This post is the fourth in my honors thesis series, continued from “From Construction to Critique: Men Writing Women in the 1800′s – Chapter One, Part One.” To view the posts in order, click here.
Last post summary: In the first part of this chapter, I introduced John Ruskin’s continuation of the work of Addison and Steele in restricting women to the private sphere. Then I covered how Dickens insisted on domesticity in women through the method of marriage.
When his married women venture agency, Dickens vilifies them. In Little Dorrit, we are told that Mrs. Clennam had been “much [. . .] stronger” than her husband and had “directed” him (LD 2.5.38). She is silenced, though: she is kept “in long confinement” (5.15.156) and excluded from the business her “sex disqualifies” her for. In the novel’s dramatic present, she is shown only as cold, cruel, and embittered. In Tale, Madame Defarge is permitted much fuller scope. She takes charge of the couple’s wine shop, checking intake and inventory, keeping the books, overseeing the serving man (2.16.183). Her husband, she manipulates “as a cat might have done a mouse”(22.231). Despite marriage, she is self-possessed and self-directed: since her husband “has not her reason for pursuing [the Evrémondes] to annihilation” (3.14.369), she ‘must”—and does—“act for [her]self.” Dickens grants her “a strong and fearless character, [. . .] shrewd sense and readiness, [and] great determination” (371). But he demonizes her “firmness” (372), unregulated as it is by masculine “sensibility” (369):
It was nothing to her, that an innocent man was to die for the sins of his forefathers; [. . .] that his wife was to be made a widow and his daughter an orphan; [. . .] they were her natural enemies and her prey, and as such had no right to live. To appeal to her, was made hopeless by her having no sense of pity, even for herself. (372)
As Frederick Busch observes, Madame Defarge is “everything bloody and dangerous” (xii). For Dickens, the freedom to act makes a woman a “tigress” (3.14.372). A woman who is “clever” and “determined” (LD 5.15.154), possessed of her own “purpose,” is a woman to cripple and confine.
Spinsterhood, as Dickens constructs it, is either dark or self-denying. A spinster can be respectable only if selflessly devoted to some social superior. In Little Dorrit, Miss Wade is independent, so she is wicked—cold, uncaring, and given to “cool‑handed thrusts” (16.21.550). Her very face warns, “I am self‑contained and self‑reliant; your opinion is nothing to me; I have no interest in you, care nothing for you, and see and hear you with indifference” (1.2.19). She is possessed of a “passion fiercer” and a “temper more violent” than any other woman in the novel (8.27.277)—ferocity Dickens attributes to having been deprived of a husband. When she claims the “misfortune of not being a fool” (16.21.554), indicting “Society” for requiring foolishness of a woman (18.28.626), Dickens does not deny the charge. But he deplores her focus as that of a “Self Tormenter” (16.21.554) and shows it to be not only useless but damaging: embittered as she is, Miss Wade alienates even the young woman she seeks to educate and enable (Tattycoram abandons her, retreating into dependency). In Tale, we encounter another spinster who is such not by choice but for want of opportunity. Unlike Miss Wade, though, Miss Pross resigns herself to selfless service, so she need not be vilified. True, she is represented as unfeminine—so “wild‑looking” (1.4.30) and “strong of hand” (2.6.99) that she “must be a man!” (1.4.30)—but to a point, her strength can ‘pass’ because it is devoted:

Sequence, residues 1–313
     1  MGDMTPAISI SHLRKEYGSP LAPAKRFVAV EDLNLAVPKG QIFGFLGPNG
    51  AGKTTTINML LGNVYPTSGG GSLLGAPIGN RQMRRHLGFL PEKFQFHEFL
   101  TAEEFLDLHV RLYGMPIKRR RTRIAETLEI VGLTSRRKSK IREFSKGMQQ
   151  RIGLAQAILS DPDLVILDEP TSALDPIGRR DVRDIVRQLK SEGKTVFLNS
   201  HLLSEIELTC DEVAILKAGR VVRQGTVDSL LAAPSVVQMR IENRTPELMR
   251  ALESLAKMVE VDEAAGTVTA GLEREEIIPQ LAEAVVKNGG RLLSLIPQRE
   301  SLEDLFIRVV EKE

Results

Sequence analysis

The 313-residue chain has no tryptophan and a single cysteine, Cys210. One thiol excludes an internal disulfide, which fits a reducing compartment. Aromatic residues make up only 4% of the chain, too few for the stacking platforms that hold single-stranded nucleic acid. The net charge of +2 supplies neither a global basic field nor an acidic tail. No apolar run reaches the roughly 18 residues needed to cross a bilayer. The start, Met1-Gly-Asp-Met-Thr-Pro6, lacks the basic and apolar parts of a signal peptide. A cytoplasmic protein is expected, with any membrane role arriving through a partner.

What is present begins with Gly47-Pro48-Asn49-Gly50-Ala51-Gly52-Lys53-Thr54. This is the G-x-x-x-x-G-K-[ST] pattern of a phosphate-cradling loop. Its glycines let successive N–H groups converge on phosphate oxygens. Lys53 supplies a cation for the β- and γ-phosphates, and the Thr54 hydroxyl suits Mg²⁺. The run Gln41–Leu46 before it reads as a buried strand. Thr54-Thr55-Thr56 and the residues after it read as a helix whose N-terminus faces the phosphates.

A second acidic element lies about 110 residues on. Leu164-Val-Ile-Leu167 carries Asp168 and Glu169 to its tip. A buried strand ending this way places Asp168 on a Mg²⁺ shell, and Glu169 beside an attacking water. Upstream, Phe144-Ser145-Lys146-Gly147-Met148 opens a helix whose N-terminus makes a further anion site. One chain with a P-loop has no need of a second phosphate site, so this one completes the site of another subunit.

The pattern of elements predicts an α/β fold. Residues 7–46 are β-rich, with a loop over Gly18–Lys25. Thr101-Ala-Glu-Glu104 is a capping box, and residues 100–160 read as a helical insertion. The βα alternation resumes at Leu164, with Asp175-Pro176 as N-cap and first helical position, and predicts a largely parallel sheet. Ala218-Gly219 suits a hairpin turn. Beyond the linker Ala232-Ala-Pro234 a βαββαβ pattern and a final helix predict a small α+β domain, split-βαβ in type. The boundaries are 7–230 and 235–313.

Mr. Lorry knew Miss Pross to be [. . .] one of those unselfish creatures—found only among women—who will, for pure love and admiration, bind themselves willing slaves, to youth when they have lost it, to beauty that they never had, to accomplishments that they were never fortunate enough to gain, to bright hopes that never shone upon their sombre lives. (2.6.100-01)
Miss Pross can be permitted agency because it serves to preserve the helplessness of a household angel: it is to secure the escape of “[her] Ladybird” that she takes out Madame Defarge (3.14.377). Even so, though, Dickens plots to qualify and quiet it: Miss Pross is deafened, relegated to “a great stillness [. . .] never to be broken any more as long as [her] life lasts” (380). Dickens’ constructions are limiting, but not reflective of the entire century.
In 1897, Walter Besant marks the shift in a woman’s position during the course of the nineteenth century. He notes that a “young lady of 1837 [. . .] cannot reason on any subject whatever because of her ignorance”—she is “childishly ignorant” (1605). An early nineteenth-century woman is educated “to know nothing of Art, History, Science, Literature, Politics, Sociology, Manners—men liked these things; women yielded to please the men.” This sort of Englishwoman, one who seeks only to please, Dickens depicts and elevates. By 1897, though, “the young Englishwoman” is different: she is “educated” (1606) and therefore has options, as at least some men acknowledge. As Besant notes, women need no longer
ask themselves whether they must earn their own bread, or live a life of dependence. Necessity or no necessity, they demand work, with independence and personal liberty. Whether they will take upon them the duties and responsibilities of marriage, they postpone for further consideration. (1606)
This change, women across the nineteenth century—from Austen to Eliot—had helped enable, themselves putting writing ahead of marriage. Besant’s notice, though, suggests that men too have begun advocating the education and independence of women. Thomas Hardy, for example, pushes the limits in Jude the Obscure (1895), suggesting that women might—and sometimes ought—exist outside marriage.
To be continued…